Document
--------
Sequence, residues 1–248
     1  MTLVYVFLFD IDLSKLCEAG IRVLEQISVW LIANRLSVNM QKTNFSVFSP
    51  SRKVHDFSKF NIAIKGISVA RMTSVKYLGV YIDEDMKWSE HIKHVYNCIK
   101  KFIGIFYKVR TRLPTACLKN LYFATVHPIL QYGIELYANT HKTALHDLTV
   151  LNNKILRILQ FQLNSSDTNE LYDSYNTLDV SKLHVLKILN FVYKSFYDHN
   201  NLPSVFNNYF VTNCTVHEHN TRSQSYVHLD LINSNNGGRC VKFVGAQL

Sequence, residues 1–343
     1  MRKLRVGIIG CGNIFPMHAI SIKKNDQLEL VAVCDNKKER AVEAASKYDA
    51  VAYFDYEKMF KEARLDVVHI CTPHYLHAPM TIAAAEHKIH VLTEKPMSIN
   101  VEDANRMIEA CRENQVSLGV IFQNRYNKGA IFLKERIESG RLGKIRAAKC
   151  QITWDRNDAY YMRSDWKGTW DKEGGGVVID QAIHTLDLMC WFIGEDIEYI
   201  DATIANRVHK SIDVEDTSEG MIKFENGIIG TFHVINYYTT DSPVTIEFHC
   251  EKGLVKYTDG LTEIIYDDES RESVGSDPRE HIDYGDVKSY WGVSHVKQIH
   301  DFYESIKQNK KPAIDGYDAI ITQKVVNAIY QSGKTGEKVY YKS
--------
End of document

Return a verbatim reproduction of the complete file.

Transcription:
Sequence, residues 1–248
     1  MTLVYVFLFD IDLSKLCEAG IRVLEQISVW LIANRLSVNM QKTNFSVFSP
    51  SRKVHDFSKF NIAIKGISVA RMTSVKYLGV YIDEDMKWSE HIKHVYNCIK
   101  KFIGIFYKVR TRLPTACLKN LYFATVHPIL QYGIELYANT HKTALHDLTV
   151  LNNKILRILQ FQLNSSDTNE LYDSYNTLDV SKLHVLKILN FVYKSFYDHN
   201  NLPSVFNNYF VTNCTVHEHN TRSQSYVHLD LINSNNGGRC VKFVGAQL

Sequence, residues 1–343
     1  MRKLRVGIIG CGNIFPMHAI SIKKNDQLEL VAVCDNKKER AVEAASKYDA
    51  VAYFDYEKMF KEARLDVVHI CTPHYLHAPM TIAAAEHKIH VLTEKPMSIN
   101  VEDANRMIEA CRENQVSLGV IFQNRYNKGA IFLKERIESG RLGKIRAAKC
   151  QITWDRNDAY YMRSDWKGTW DKEGGGVVID QAIHTLDLMC WFIGEDIEYI
   201  DATIANRVHK SIDVEDTSEG MIKFENGIIG TFHVINYYTT DSPVTIEFHC
   251  EKGLVKYTDG LTEIIYDDES RESVGSDPRE HIDYGDVKSY WGVSHVKQIH
   301  DFYESIKQNK KPAIDGYDAI ITQKVVNAIY QSGKTGEKVY YKS